Environmental Certification
Sustainable Living

4 Environmental Certificates to Look for When Buying Products

There’s no denying that excessive consumerism is terrible for our environment. The making of any product incurs a carbon footprint, from sourcing raw materials to disposing of them at the end of their lifecycle. With the mounting evidence supporting climate change, there’s increasing pressure on companies to adopt more eco-friendly means of production.

Environmental Certification
Environmental Certification

There is plenty of demand for eco-friendly products, but the problem for consumers is that so many products are slapped with misleading labels and buzzwords like ‘organic’ and ‘natural’. This is where environmental certification can give customers the peace of mind that the products are actually eco-friendly. Environmental certification schemes involve rigorous testing of products to ensure they have a minimum impact on the environment.

Here we look at four environmental certifications to look for when you consumer goods or home appliances.

1. Energy Star Certification

The Energy Star certification was introduced in 1992 to help customers gauge how energy efficient an appliance is. It’s a collaboration between the US Department of Energy and the Environmental Protection Agency that encourages businesses to develop more energy-efficient products.

By being energy efficient and wasting less electricity, not only is environmental pollution from electricity generation reduced, but electricity costs are reduced for the consumers and manufacturers as well. Since its introduction, the program has saved electricity that’s estimated at 4 trillion kilowatt-hours and reduced over 3 billion metric tons of greenhouse emissions.

Energy Star certifications are given to household appliances such as clothes washers and dryers, dishwashers, dehumidifiers, refrigerators, electronics and lighting solutions such as light bulbs or fixtures. They are also used for a host of other household products such as EV charging stations and heating or cooling products. Example of brands carrying this certification includes BEKO refrigerators.

2. Green Seal Certification

This certification program has a set of science-backed standards and practices that apply to products, services, lodgings, hotels, and restaurants to produce minimal environmental impact. The standards evaluate the lifecycle of products, from sourcing of raw materials, manufacturing to recycling or disposal of the product. 

Green Seal has cooperated with many entities in the field of education, hospitality, industry, healthcare, and government agencies to ensure that their facilities are managed sustainably with low carbon footprints. Examples of projects include the City of Chicago Green Hotels Initiative and the Pennsylvania Green Hotels Program.

Green Seal certifies products in categories such as paper products (like sanitary products as well as writing paper), packaging, construction materials, building equipment, industrial and household cleaning products. It also certifies services in hotels, restaurants and cleaning. Examples of certified brands include EcoPure Paints.

3. Cradle to Cradle Certification

The Cradle to Cradle (C2C) certification evaluates products based on the Cradle to Cradle regenerative design philosophy, which aims to minimize waste of natural resources and environmental and social impact.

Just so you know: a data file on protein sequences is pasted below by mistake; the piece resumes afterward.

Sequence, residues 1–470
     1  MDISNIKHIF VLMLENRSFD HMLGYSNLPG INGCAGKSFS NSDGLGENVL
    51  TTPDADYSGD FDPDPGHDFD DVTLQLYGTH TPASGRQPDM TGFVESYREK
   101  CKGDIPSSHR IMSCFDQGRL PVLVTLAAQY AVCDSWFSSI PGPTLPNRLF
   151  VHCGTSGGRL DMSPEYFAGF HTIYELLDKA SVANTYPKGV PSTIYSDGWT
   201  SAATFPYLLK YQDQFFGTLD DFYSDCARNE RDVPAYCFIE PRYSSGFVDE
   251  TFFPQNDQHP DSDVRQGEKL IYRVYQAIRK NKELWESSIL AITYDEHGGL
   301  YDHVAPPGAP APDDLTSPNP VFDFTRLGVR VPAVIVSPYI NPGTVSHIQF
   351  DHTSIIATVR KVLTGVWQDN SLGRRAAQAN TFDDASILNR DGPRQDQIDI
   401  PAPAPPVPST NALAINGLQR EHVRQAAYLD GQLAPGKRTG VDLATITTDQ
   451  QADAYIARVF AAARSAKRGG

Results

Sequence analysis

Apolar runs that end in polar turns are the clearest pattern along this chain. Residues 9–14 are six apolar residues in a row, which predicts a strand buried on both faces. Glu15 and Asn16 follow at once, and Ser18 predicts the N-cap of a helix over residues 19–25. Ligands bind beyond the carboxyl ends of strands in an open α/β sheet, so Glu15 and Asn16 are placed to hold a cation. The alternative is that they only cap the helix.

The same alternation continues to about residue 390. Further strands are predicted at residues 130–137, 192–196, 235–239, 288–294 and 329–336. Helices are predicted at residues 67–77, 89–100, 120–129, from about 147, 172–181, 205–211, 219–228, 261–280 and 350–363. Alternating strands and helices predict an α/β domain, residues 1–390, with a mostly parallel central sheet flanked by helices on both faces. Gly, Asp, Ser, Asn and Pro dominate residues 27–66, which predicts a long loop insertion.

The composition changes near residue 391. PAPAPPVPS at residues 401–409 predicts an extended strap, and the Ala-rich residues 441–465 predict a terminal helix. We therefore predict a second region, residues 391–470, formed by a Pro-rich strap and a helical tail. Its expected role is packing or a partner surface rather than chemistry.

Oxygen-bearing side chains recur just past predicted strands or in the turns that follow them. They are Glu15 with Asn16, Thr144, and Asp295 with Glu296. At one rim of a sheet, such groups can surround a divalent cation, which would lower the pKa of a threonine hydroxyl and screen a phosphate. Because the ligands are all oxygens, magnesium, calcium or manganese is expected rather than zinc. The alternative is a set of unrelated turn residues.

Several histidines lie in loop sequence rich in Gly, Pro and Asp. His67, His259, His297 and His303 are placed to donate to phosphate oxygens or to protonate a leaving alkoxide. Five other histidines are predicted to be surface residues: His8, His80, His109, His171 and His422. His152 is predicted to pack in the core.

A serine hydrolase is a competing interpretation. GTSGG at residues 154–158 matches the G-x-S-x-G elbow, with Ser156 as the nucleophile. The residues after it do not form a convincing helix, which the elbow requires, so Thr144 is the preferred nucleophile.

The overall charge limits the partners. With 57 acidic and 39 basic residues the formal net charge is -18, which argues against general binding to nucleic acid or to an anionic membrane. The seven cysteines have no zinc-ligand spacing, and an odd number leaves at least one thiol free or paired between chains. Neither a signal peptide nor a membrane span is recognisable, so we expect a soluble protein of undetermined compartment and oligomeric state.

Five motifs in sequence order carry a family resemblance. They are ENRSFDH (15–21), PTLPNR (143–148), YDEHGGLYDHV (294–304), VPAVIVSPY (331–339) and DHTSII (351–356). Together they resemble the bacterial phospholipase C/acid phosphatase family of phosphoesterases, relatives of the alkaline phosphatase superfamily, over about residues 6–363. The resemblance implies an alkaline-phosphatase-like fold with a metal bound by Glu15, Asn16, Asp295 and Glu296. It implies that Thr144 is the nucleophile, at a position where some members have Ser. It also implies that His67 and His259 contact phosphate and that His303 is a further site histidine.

The certification process involves evaluating products across the following sustainability criteria:

  • material health
  • material re-utilization
  • renewable energy & carbon management
  • water stewardship
  • social fairness.

There are five levels of certification including basic, bronze, silver, gold and platinum.

Material health ensures that only the best materials are used for the well-being of people’s health and the environment. Material reutilization concerns how materials are reused from one product cycle to another to minimize waste. Renewable energy & carbon management ensures products are manufactured with minimal greenhouse gas emissions and renewable energy sources. Water stewardship recognizes the importance of water as a scarce resource, so encourages minimal waste of water. Social fairness evaluates the impact on people by manufacturing the product.

Cradle to Cradle certifies thousands of products from a diverse range of industries, ranging from clothing, fragrances to cleaners. Examples of products that carry the Cradle to Cradle Certified (C2C) certificate are these Environmentally Friendly office chairs.

4. Safer Choice

The Safer Choice label also falls under the Environmental Protection Agency with the goal of helping consumers and businesses purchase products with safer and more eco-friendly chemicals. The label assures people that every chemical ingredient used in a product has been thoroughly tested by the EPA and is neither toxic to people’s health or the environment. The label was until recently, also known as the Design for the Environment label (DfE).

Manufacturers can participate in the program by submitting their products for EPA evaluation under Safe Choice. The products have to meet stringent EPA criteria related to Volatile Organic Compounds (VOC) emissions, sustainable packaging, non-toxic chemicals, product performance and transparency about ingredients.

The Safer Choice certification applies mainly to common household and industrial cleaning products such as dishwashing detergents, floor or tile cleaners, all-purpose cleaners, laundry detergents, and car care products. An example of a brand that carries the label is ECOS laundry detergents.

Author’s Bio:

Gandhari Cooray is an engineer and content writer with a passion for learning new things and figuring out life hacks. Her specialty is on writing health, fitness and lifestyle-related topics.

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